But the ending is completely miserable and frankly I've given up on having perfect endings and I'm done being bother by them Sep 04, Leena Ali rated it it was amazing Shelves: fave-book. This review has been hidden because it contains spoilers. To view it, click here.
This book is about a guy named Bryon. He lives with his mom and his best friend Mark, lives with him cause both of marks parents died. Mark and Bryon have been best friend way before Mark moved in. One day Bryon had a really bad headache and wanted a cigarette. SO he reached under Marks bed to get the box that Marks keeps the cigarettes in. And he saw drugs in the box. So he called the police right away and he didn't know why he betrayed Mark. When Mark came in the room, Bryon looked at him, and This book is about a guy named Bryon.
When Mark came in the room, Bryon looked at him, and Mark said "Don't worry, I don't drink it,I just sell it" And Bryon said "I called the police" Mark went white and he tried to understand what his best bud had done. Mark told Bryon that he could've stopped if he didn't want him to sell them. But it was to late for Mark to do anything now,he can hear the siren beside their house. The police men came in and held marks arms tightly while Bryon told everything to the police about Marks job. Mark didn't do anything, he just started to cry and went with the police men. One day in jail, Bryon went to visit Mark, and mark said"I'm glad your here Its an amazing book.
Dec 17, Abby rated it liked it. The book was so good During the journey of Bryon and Mark, that is. It was emotional, breathtaking, and shocking! Hinton is an obvious gifted writer, I'll tell anyone! Bryon is a kid who's focused on the big picture. He's serious but has fun if it's hassling or just being the cool kid.
He's a wise-crack kid and the biggest player in Tulsa. He never says "I love you" with feeling. But that was until Cathy came along. Mark is the joker. He's the one who can hardly speak a s The book was so good He's the one who can hardly speak a sentence with out grinning like Two-Bit character from The Outsiders. He's a 'lion' with blond hair and golden eyes. He's someone who focuses on the moment but will does this help? They've been together for almost ever.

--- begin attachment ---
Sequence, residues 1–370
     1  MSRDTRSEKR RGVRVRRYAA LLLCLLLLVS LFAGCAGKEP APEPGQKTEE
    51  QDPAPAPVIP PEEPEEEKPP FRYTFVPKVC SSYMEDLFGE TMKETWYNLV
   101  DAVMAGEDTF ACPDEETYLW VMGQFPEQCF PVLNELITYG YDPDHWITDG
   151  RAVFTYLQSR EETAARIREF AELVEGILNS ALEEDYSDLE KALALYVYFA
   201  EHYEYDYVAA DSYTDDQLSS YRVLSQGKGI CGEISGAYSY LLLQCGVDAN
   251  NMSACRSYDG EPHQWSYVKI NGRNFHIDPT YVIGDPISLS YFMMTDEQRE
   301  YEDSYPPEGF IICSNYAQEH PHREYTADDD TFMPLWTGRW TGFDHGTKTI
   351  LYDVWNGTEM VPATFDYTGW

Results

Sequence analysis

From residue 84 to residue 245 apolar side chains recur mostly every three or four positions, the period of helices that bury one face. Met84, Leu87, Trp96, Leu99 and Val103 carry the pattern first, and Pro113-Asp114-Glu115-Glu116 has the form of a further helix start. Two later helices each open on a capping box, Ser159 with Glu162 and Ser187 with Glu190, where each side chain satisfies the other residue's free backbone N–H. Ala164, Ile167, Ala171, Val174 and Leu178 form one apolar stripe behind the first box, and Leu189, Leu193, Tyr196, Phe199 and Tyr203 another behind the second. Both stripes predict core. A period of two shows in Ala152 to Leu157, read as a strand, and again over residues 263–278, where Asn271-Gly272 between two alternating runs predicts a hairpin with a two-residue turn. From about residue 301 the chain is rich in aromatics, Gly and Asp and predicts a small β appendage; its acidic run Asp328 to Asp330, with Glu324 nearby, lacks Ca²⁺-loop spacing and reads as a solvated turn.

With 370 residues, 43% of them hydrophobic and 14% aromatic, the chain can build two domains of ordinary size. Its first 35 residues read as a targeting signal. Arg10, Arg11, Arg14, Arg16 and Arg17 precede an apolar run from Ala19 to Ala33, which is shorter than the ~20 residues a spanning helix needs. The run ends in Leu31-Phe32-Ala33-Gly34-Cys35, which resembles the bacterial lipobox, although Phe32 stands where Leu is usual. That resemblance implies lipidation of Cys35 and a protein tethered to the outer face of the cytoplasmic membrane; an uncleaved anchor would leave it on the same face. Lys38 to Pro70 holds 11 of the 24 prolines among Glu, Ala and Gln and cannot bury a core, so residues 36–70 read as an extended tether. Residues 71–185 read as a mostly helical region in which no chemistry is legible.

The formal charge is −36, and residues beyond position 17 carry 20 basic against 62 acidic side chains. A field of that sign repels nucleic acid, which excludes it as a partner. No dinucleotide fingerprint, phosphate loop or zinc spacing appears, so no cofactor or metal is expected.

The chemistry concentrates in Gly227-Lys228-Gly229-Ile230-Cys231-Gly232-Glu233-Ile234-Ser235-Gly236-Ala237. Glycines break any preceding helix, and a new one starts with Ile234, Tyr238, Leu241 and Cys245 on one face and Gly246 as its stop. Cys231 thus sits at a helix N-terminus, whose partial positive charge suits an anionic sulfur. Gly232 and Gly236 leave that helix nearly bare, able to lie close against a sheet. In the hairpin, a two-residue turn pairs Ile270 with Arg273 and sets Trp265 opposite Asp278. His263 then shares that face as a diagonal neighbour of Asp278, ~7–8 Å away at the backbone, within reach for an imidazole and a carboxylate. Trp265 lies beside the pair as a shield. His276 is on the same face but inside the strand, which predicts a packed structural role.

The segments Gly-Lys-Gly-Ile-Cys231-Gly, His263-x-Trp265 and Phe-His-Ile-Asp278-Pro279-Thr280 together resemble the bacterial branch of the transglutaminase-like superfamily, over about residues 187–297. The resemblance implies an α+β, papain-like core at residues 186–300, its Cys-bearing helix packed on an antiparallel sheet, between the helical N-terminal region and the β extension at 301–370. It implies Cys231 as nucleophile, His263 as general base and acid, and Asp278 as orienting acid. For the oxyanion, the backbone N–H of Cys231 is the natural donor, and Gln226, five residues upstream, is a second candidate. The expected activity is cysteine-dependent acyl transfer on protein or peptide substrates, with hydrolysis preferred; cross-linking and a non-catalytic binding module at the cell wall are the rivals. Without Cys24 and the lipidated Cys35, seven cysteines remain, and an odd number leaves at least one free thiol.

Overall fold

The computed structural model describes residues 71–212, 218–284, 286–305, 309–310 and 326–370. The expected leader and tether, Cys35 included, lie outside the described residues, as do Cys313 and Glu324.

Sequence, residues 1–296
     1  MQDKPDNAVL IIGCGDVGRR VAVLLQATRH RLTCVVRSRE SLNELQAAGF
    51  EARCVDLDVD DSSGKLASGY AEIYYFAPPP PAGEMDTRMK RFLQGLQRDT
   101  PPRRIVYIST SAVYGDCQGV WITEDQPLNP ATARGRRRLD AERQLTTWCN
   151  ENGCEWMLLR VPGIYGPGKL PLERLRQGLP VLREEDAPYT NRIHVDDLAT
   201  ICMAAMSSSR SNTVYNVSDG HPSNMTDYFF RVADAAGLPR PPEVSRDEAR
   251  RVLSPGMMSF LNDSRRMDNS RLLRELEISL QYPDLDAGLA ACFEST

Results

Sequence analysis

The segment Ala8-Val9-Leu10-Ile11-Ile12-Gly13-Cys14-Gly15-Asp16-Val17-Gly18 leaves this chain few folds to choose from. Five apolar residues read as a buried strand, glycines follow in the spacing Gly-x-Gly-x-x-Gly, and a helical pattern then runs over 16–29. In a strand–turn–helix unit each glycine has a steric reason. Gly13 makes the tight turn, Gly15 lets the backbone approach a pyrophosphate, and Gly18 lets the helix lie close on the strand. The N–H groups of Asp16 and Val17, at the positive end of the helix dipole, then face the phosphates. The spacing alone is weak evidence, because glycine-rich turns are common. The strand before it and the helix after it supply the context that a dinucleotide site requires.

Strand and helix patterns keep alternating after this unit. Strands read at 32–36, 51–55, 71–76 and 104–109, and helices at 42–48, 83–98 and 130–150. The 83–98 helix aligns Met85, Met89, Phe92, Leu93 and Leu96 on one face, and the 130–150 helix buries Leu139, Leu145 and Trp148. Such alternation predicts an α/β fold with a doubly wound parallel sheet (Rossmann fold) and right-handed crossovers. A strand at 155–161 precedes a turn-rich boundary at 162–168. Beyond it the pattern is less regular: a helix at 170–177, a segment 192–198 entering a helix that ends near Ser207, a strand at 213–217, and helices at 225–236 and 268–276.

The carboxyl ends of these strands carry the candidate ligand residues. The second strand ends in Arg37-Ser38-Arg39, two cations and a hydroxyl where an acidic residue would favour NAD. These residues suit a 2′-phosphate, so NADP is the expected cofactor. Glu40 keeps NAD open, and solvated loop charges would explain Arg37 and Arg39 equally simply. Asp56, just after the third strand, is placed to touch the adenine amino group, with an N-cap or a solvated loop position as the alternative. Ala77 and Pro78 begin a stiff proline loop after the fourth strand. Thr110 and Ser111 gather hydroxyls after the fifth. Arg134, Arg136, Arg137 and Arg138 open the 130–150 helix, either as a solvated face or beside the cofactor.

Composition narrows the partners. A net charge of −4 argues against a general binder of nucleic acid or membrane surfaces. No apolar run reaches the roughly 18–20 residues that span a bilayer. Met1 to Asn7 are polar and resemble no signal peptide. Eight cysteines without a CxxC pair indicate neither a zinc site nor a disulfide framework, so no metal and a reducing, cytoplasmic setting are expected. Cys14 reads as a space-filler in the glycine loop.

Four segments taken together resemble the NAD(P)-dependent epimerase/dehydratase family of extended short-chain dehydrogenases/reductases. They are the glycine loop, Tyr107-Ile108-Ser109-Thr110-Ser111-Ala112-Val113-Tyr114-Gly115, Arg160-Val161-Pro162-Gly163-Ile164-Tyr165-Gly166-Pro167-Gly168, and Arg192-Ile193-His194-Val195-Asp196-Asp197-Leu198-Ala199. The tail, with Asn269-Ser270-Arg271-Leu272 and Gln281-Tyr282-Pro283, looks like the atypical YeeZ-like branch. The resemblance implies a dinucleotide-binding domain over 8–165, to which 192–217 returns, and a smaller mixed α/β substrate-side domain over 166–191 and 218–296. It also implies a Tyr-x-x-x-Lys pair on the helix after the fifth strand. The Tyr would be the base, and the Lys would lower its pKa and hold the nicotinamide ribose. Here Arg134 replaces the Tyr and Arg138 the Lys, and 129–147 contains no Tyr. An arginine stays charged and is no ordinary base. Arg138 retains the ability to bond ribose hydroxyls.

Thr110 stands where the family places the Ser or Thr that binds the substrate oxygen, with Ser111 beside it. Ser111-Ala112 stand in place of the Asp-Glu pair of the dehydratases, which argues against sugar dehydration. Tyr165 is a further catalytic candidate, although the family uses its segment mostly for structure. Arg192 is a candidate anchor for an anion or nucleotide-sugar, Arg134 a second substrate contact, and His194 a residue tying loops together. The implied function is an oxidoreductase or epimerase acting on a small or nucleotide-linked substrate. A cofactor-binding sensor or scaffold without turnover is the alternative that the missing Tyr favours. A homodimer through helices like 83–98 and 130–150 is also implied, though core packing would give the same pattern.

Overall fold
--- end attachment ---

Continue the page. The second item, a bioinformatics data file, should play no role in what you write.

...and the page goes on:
Now, that relationship is breaking slowly, crack by crack. Secrets pull them apart, realizations bring them back with anger, and brilliant words connect them. With Bryon growing up and Mark longing to be in the past, can they be best friends? Can they be even friends? This novel keeps you gasping in a total of 11 chapters until the last page. And it's the last page that shocks you the most.
Jul 15, Janie rated it it was ok Shelves: ya. I really tried to like this book. I loved the Outsiders, and I liked seeing some of those characters again. Brian and Mark just seemed a lot meaner to me though, without as many redeeming qualities. The thing that bothered me the most was the ending; it left me really dissastisfied. Whenever something ends sadly, people say it's realistic, but happy endings exist in real life, and would it kill authors to put one in every now and then?
Nov 09, Brian marked it as to-read Shelves: literary. Another I read as a child. Oct 26, Ian Ochieng rated it really liked it. That Was Then, This Is Now was a very eye opening read that becomes more exciting from the start to the end. I like Bryon, because the more he has life long experiences, the more he starts to realize reality. As the story develops Mark realizes how people really are. Mark learns that just becau That Was Then, This Is Now was a very eye opening read that becomes more exciting from the start to the end.
Mark learns that just because you may be close with someone in the past that they can change to be completely different people later on. He begins to realize that although Mark is his brother that he is a bad influence. This was wrong. This shows that Bryon is starting to realize how the world really is, and that people may not who they really seem they are. I enjoyed seeing Bryon grow as a person, and to stop being blinded of the stereotypes of the world he lives in. I would recommend this book to people that enjoy reading about realizations of what the world is really like.